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New treatment may be able to target drug-resistant cancer

Wednesday 11th April 2018
The discovery of a new type of treatment may provide hope for patients with drug-resistant cancer, UK scientists believe. Image: Rost-9D via iStock
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Doctors believe there could be new hope for cancer patients whose illness is no longer responding to therapy, as they appear to have discovered a new class of drugs.

Supported by funding from Cancer Research UK, scientists from Imperial College London working with US scientists from Emory University have reported initial success in mice with a treatment known as ICEC0942.

The mice involved in the trial had breast cancer thought to be drug-resistant, but they responded positively to the administration of ICEC0942, with minimal side effects reported.

Following these early results, Carrick Therapeutics developed ICEC0942 into a molecule known as CT7001, which is currently being tested in pill form by human patients with seemingly drug-resistant cancer.

The drug works by targeting an enzyme known as CDK7, which is responsible for growing, replicating and dividing cells - a process that is typically very active in some drug-resistant forms of cancer, such as breast cancer, small-cell lung cancer and acute myeloid leukaemia.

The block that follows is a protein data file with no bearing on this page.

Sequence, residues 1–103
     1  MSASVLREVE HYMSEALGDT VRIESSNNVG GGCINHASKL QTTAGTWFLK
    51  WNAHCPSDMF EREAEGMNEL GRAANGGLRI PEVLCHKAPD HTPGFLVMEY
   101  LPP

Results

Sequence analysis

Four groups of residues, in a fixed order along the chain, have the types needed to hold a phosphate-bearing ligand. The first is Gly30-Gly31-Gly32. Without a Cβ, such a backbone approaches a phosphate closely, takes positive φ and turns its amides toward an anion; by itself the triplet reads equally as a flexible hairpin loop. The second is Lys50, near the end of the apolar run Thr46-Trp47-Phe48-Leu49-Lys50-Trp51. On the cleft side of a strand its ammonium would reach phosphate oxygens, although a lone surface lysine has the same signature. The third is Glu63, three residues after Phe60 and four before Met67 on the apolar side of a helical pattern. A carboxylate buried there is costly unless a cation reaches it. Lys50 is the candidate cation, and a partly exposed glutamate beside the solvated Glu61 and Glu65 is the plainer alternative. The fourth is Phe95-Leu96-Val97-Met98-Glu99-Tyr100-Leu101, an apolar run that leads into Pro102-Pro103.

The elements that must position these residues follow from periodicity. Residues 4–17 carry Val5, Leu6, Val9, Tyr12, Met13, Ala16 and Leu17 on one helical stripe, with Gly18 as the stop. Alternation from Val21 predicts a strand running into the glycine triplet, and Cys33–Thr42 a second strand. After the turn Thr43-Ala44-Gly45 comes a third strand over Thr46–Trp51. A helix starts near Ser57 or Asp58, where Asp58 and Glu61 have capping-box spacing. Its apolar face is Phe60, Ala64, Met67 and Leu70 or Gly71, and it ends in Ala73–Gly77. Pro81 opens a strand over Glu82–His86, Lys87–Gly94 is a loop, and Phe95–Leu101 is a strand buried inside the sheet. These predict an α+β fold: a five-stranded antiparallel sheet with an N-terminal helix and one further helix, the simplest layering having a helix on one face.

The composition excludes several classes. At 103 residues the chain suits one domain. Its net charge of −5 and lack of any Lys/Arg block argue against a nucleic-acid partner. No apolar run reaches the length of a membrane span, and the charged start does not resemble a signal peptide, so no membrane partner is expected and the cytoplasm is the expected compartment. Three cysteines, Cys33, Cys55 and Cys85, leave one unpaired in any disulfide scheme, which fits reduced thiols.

As a result, directly targeting this enzyme with a drug could help to stop the growth and spread of cancer in its tracks, allowing a patient to be treated even after other therapy options have been exhausted.

Professor Charles Coombes of the university's department of surgery and cancer, explained: "Drugs such as these could help to shift the balance back in favour of the patients, potentially providing a new option to patients for whom existing treatments no longer work."

The department of chemistry's Professor Tony Barrett added: "This work is the result of extensive collaboration between chemists, biologists and clinicians, which has helped to bring a new treatment from discovery to clinical testing in record time, streamlining the process."

If the trial involving humans proves successful, another few years of tests will be needed before the drug can be made routinely available to cancer patients.

Written by James Puckle

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